By now, some of us have lost a loved one, friend or community member to COVID-19. Though if the cavalier denialism exhibited by some Americans is an indicator, there are still many who have yet to share the magnitude of such a loss. But even putting one’s head in the sand about the medical realities of the coronavirus cannot spare us the social, emotional and economic impacts.
It’s accepted as true that though we all grieve a loss, everyone grieves in a unique manner. One of the most referenced works on the topic was written in 1969 by Swiss-American psychiatrist Elisabeth Kubler-Ross, in her book On Death and Dying. This philosophy is popularly referred to as the “stages of grief,” and whether comprised of five emotions or seven, it feels increasingly as though we are traveling through ‘stages of the pandemic’ in both our professional and personal lives. Sometimes we mourn the loss of our “past life” in a linear fashion and sometimes we jump along the steps chaotically, but without a doubt we have been presented with an event that has impacted our world and is in the process of shaping our future. If I think back to February or March, and reflect on today, here are some examples from my journey through the stages:
1) Shock and disbelief
Wait, no broker tours, no showing of property? Here we go again a la Lehman, 2008 or 9/11 — investors leaving the market and loan programs being suspended or canceled. Tremendous rate chaos.
No way they will shut businesses down — that’s crazy. What do you mean the kids are not going to go to school? The Junior Warriors basketball season is canceled?
I should have been more forceful with our clients who were on the fence. How did we get lulled into complacency with credit availability? Why did we let our guard down and not consider existential risks in our assessments of the market?
4) Anger and bargaining
Why are we, here in CA, subject to shelter-in-place while people in other parts of the country are still conducting business as usual? What do these “health experts” really know? Man, I HATE Zoom meetings!
My 85-year old dad is 2000 miles away and I’m not sure when he’ll see his grandson next. I’m not going to see the inside of a bustling conference room for many months. Some of the skills, habits and personality traits I’ve used to build my business are going to be sidelined indefinitely. Put the professional wardrobe in mothballs…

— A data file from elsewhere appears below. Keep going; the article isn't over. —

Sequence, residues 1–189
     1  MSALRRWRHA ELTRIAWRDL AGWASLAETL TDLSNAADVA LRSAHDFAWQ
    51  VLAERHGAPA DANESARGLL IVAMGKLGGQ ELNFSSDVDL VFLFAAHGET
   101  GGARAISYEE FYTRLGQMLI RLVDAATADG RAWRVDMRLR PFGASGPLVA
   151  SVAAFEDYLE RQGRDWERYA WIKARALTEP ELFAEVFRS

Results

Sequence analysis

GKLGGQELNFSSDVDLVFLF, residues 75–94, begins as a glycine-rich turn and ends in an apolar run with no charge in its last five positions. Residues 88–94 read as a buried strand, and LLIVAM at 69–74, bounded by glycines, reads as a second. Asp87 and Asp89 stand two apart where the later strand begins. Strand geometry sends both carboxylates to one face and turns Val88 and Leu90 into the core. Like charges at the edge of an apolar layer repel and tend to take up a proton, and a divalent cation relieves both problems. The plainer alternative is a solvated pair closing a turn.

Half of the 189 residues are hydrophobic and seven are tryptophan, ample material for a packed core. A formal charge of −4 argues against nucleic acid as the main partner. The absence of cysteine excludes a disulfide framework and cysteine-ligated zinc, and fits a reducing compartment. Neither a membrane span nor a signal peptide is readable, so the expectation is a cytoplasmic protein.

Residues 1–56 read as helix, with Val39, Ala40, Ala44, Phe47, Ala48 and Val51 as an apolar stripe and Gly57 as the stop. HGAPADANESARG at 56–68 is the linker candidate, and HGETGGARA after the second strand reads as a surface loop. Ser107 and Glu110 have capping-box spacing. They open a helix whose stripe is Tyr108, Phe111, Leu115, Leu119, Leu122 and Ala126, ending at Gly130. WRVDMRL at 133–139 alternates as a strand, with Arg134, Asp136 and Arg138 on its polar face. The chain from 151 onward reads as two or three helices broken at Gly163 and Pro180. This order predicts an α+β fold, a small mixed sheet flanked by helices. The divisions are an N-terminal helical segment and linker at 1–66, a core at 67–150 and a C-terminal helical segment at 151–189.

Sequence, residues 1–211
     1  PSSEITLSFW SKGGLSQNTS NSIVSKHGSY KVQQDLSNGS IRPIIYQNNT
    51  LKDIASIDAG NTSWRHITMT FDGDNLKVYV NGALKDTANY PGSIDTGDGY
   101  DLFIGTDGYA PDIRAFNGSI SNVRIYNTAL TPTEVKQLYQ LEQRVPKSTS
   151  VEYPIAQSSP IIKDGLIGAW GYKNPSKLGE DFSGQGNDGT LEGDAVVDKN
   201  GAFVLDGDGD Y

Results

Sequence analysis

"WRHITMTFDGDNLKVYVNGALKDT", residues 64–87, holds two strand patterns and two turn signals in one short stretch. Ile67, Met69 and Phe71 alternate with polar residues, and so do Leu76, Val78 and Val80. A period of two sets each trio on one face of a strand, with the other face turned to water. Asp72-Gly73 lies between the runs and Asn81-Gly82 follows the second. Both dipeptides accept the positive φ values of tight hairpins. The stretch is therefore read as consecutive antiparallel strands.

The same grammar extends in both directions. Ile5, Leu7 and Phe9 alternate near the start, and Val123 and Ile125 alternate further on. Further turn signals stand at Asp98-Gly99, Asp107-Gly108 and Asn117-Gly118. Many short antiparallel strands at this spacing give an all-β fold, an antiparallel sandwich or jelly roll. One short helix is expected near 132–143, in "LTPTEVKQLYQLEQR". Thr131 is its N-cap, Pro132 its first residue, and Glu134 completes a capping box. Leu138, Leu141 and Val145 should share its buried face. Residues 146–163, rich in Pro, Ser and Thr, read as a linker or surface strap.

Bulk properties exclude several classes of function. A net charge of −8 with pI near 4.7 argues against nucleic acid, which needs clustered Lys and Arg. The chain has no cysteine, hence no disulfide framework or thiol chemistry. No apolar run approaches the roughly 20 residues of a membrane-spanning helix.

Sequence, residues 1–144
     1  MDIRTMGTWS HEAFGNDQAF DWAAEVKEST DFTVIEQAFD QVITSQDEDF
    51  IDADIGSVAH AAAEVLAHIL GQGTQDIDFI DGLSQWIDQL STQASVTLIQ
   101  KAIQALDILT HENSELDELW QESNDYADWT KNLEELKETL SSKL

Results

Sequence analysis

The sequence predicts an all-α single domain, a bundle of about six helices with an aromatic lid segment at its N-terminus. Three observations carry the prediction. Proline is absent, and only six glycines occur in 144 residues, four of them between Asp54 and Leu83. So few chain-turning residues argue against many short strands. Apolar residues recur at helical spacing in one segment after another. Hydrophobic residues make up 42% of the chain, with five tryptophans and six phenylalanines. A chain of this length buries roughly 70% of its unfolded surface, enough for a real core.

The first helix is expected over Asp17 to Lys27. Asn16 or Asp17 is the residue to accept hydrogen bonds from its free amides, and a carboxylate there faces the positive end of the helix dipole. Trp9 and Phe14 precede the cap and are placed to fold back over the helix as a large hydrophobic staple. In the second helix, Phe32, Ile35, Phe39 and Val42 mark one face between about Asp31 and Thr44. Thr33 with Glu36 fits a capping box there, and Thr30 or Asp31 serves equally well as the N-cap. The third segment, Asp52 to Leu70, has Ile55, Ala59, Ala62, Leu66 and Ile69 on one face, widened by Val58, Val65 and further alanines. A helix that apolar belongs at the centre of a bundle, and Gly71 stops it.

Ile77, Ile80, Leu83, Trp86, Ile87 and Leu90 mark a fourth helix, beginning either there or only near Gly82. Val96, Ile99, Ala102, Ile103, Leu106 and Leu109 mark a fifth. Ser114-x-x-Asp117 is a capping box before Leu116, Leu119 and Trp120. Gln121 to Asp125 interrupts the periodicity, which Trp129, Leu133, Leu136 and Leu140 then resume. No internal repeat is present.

6) Reconstruction and working through
Yes, this is the landscape of our new reality — it is not temporary. Embrace, learn and master the tools and tactics necessary to maintain momentum. Contemplate what it will take to grow in a remote world. Reinvest marketing dollars accordingly. Rethink all iterations of “it’s just the way we do things.”
7) Acceptance and hope
The way we did business is over. What remnants exist are gifts but my mindset must accept that I am in a foreign country now and I need to first learn and then speak their language. I can still think in my native tongue, but the longer I hold out and do so, the more difficult it will be to assimilate. The sooner I embrace the good and bad of the new culture, the sooner I will be open to its wonders.
Months into the COVID-19 pandemic, I can find myself cycling through several or even all of the above stages on any given day. My guess is that most others do as well — unless they are stuck. Maybe they’re stuck in denial. Maybe they’re still pissed off — at their governor, at their clients, at themselves. Then again, maybe some are well on their way of reconstructing their businesses but require help they never previously needed; with new technology, with new tools, with new ideas. My point is that we have all lost a loved one — our pre-pandemic way of life and business. It’s now up to us to move on, yet before we do we must confront the grieving process. Recognizing that is part of a healthy healing process too.
In loving memory,
Vice President of Mortgage Lending
Marin Office: 324 Sir Francis Drake Blvd., San Anselmo, CA 94960
Berkeley Office: 1400 Shattuck Ave., Suite 1, Berkeley, CA 94709
*The views and opinions expressed on this site about work-related matters are my own, have not been reviewed or approved by Guaranteed Rate and do not necessarily represent the views and opinions of Guaranteed Rate. In no way do I commit Guaranteed Rate to any position on any matter or issue without the express prior written consent of Guaranteed Rate’s Human Resources Department.
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